Nearly 20 years ago, I attended a reception for Francis Crick, after he had given a lecture at UCL on consciousness in animals. There was no opportunity for a conversation, but, like everyone else in the room, I was aware that this was Crick of Watson and Crick, who, with Wilkins and Franklin, were responsible one of the most important discoveries in Biology – the structure of DNA. There was a feeling of awe that here was someone whose name would go down in history, alongside Darwin, Newton and a few others.
Since the discovery of DNA, we have found ways of cutting DNA strands, so that we can not only identify what each gene codes, but also manipulate the genetic material of an individual to change gene expression. The recent development of CRISPR brings a cheap and readily available technique for changing the genetics of organisms, something that excites both scientists and the media .
As we find out more and more about which genes code which chemicals, we also discover how these affect biological processes within the body. The eventual aim is to be able to understand how life functions as an immensely complicated series of chemical reactions. Computers provide a means of storing all the information that we acquire about each gene, and computing power enables us to model the possible interactions of chemicals. Many studies are required to gain information and these form the basis of research projects that are routine and, dare I say it, dull.
Recently, I received an e-mail from someone advertising a talk at a leading University in the UK. It said:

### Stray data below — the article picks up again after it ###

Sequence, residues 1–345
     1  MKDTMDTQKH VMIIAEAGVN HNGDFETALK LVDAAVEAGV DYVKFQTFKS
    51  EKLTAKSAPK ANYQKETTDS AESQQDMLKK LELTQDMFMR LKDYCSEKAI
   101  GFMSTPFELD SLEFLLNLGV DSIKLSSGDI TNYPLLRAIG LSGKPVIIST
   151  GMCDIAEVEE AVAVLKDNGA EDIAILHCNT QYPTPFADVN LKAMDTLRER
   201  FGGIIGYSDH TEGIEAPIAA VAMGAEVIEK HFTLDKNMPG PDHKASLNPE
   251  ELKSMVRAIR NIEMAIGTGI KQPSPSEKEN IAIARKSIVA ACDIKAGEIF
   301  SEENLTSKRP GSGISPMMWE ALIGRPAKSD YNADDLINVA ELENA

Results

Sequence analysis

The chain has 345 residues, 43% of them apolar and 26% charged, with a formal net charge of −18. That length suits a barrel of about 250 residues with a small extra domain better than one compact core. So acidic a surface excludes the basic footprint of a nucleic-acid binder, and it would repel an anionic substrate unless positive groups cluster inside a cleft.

X is a very exciting speaker with a very refreshing perspective on cell biology. It goes well beyond the standard approach of spending 4 years studying one modification on one variant of one protein in one type of tissue culture cell.
That, surely, is almost a definition of something dull and it is clear that the purpose of all these investigations is to train students in the use of techniques to gain information that forms a tiny part of a giant jigsaw. There is no knowing whether we will ever be able to complete the jigsaw and it will certainly not answer questions about thought processes, aesthetics and what drives emotions. We might discover the components of individuals, but will we have any clue as to how those individuals live, especially as only a small proportion of the total DNA appears to be "used" ? There are those that think that it will, and the media also build expectancy, and show little restraint, in reporting each discovery that may lead to eradicating a disease, or transformation of a farm animal, or food crop. Scientists go along with this because they like the publicity and it aids recognition of their work, perhaps enhancing the chance of success in the next round of grant awards.
Taking a step back, what is happening to Biology as a result of the revolution in genetics? Certainly there have been great discoveries, with more to come, but there is also a large amount of humdrum recording for the jigsaw puzzle. The Biology that so entranced me, based on Natural History and the environment, is becoming lost in the worlds of chemistry, physics and mathematics. Perhaps I should just move with the times?